By Kate Kelland
LONDON (Reuters) - Overweight patients told by their doctors to go to Weight Watchers lose around twice as much weight as people receiving standard weight loss care over 12 months, according to the findings of a study published on Thursday.
In the first randomized controlled trial -- considered the gold standard of scientific analysis -- to directly compare a commercial weight-loss program with standard care by family doctors, Weight Watchers was found to be more than twice as effective.
More people stuck to the Weight Watchers diet, they lost more weight and fat mass, and also shaved more off their waist measurements than those assigned to standard care.
Susan Jebb of Britain's Medical Research Council (MRC) Human Nutrition Research Unit, who led the study, said the results showed Weight Watchers is "a robust intervention that is generalisable to other economically developed countries."
"This kind of research is important so that we can identify clinically effective interventions to treat obesity," she said.
The study, published in the Lancet medical journal, comes in the wake of research last month which said obesity is a global epidemic that is fast replacing tobacco as the single most important preventable cause of costly chronic diseases like heart disease, diabetes and cancer.
Worldwide, around 1.5 billion adults are overweight and another 0.5 billion are obese, with 170 million children classified as overweight or obese. Obesity takes up between 2 to 6 percent of healthcare costs in many countries.
In the weight loss study, which was funded by Weight Watchers International but run as an investigator-led trial with all data collection and analysis conducted by the independent research team, researchers assessed 772 overweight and obese adults in Australia, Germany and Britain.
Patients were randomly assigned to receive either 12 months of standard care as usually offered by the primary care team, or referred to and given a 12-month free membership for a Weight Watchers group in their neighborhood.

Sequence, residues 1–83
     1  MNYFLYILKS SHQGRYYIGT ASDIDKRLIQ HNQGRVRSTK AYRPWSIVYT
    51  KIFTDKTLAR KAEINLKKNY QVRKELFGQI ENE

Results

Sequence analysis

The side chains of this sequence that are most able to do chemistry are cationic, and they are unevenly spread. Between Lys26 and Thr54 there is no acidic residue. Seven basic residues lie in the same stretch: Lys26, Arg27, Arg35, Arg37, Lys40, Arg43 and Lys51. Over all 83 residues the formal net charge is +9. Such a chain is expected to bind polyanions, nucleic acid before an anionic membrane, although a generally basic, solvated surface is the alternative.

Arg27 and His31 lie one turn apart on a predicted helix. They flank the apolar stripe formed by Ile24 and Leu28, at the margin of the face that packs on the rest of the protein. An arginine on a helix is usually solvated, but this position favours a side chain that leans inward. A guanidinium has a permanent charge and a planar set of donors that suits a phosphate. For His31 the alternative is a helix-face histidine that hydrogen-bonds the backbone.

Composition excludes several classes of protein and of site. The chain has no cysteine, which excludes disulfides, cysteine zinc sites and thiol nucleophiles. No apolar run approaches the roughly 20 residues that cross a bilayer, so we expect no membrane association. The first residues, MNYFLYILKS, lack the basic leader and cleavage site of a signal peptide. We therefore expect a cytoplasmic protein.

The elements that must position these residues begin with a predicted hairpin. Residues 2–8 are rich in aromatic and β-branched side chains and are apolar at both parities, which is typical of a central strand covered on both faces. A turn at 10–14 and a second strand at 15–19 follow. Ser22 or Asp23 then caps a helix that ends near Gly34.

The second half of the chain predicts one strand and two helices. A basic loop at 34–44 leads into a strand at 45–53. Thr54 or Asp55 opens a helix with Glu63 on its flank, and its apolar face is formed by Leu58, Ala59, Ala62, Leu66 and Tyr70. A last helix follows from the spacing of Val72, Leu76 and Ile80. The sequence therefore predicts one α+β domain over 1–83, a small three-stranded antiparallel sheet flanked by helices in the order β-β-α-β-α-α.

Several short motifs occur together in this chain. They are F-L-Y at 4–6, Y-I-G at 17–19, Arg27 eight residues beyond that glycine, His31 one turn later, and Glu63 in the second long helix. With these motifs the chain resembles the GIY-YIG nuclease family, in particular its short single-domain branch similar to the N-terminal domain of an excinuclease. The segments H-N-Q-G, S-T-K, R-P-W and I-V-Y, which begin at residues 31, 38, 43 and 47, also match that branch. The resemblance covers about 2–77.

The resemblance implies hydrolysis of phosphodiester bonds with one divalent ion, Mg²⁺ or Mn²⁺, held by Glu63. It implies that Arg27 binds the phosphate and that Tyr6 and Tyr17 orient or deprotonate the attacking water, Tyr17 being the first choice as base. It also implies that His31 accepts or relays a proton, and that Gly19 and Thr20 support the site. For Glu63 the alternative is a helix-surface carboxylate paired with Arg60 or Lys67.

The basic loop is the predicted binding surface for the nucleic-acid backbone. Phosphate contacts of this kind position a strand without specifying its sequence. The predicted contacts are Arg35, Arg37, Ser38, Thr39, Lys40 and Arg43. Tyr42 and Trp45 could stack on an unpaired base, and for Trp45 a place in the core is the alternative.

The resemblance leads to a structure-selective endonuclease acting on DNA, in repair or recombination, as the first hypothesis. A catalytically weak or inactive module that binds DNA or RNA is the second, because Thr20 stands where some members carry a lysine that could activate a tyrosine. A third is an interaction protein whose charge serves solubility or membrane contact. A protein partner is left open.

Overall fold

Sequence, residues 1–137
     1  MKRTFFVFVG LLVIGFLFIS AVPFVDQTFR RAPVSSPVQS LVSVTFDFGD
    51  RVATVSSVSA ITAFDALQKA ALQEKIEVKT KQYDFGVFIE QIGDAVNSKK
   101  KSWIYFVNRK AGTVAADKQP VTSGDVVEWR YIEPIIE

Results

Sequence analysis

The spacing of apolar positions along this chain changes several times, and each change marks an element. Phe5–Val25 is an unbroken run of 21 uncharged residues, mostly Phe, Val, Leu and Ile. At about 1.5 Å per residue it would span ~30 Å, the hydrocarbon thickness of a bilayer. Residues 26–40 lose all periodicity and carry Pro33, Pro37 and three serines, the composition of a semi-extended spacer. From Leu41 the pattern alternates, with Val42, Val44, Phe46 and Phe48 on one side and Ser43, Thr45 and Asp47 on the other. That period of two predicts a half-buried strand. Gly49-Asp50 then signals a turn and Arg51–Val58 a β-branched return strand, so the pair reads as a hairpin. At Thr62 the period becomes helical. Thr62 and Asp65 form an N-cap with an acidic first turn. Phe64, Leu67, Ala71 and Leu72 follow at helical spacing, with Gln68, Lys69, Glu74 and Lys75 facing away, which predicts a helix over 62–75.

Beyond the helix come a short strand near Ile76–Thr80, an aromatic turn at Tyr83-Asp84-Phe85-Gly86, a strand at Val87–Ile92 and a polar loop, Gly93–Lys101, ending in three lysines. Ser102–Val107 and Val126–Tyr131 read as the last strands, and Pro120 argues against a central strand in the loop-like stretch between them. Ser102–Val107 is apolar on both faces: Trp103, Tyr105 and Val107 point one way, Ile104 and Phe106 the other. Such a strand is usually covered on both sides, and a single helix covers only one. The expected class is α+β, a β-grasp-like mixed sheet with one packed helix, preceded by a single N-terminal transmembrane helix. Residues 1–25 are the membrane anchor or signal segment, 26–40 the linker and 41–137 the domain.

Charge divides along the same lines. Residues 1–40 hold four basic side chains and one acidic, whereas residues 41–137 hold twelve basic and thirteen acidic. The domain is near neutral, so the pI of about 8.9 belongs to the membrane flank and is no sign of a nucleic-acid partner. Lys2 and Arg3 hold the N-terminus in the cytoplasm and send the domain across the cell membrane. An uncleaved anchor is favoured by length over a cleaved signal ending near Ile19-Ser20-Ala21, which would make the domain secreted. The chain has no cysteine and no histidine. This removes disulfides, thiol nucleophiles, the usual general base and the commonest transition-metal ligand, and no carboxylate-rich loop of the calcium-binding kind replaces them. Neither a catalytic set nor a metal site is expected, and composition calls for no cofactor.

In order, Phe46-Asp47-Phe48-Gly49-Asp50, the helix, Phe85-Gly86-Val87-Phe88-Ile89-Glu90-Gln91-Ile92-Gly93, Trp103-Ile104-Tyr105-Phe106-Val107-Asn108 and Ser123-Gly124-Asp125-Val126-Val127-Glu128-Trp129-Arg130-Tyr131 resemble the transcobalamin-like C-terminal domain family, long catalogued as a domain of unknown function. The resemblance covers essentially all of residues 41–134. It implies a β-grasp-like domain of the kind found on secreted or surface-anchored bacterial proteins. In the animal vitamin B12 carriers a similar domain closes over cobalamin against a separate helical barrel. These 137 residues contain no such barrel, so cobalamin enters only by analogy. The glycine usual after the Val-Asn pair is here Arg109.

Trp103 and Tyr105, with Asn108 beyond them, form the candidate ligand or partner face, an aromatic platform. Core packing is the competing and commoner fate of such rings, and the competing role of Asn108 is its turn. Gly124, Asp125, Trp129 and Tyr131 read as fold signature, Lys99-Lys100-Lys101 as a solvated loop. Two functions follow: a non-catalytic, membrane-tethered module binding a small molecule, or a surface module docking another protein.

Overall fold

As well as losing twice as much weight as those in the standard care group, patients referred to Weight Watchers were also more than three times as likely to lose 10 percent or more of their initial body weight. Some 61 percent of patients in the Weight Watchers group lost at least 5 percent of their body weight, compared with 32 percent in the standard care group.
The average weight loss at 12 months was 5.1 kg (11.2 lbs) for those using Weight Watchers versus 2.2 kg for those on standard care. For those who completed the full 12 months, average weight loss was 6.7 kg on Weight Watchers versus 3.3 kg on standard care.
"These important findings show that obesity treatment is effective and structured commercial programs can enhance outcomes," said Nick Finer a consultant endocrinologist and bariatric physician at University College London Hospitals, who was not involved in the research.
In a commentary on the study, Kate Jolly and Paul Aveyard of the school of health and population sciences at Britain's Birmingham University said cost-effectiveness was a key factor in determining whether commercial programs like Weight Watchers become part of publicly funded health care.
They added that "the low cost of these programs -- at present about 50 to 60 pounds ($80 to $95) for 12 weeks -- makes the case for incorporation intuitively appealing."
David Kirchhoff, CEO of Weight Watchers International said the Lancet study "proves that Weight Watchers is part of the solution to help transform the health of nations."
"There is a clear need for practical treatment solutions that are proven effective, affordable and scalable to have a population-wide impact," he said in a statement.
(Reporting by Kate Kelland, editing by Paul Casciato)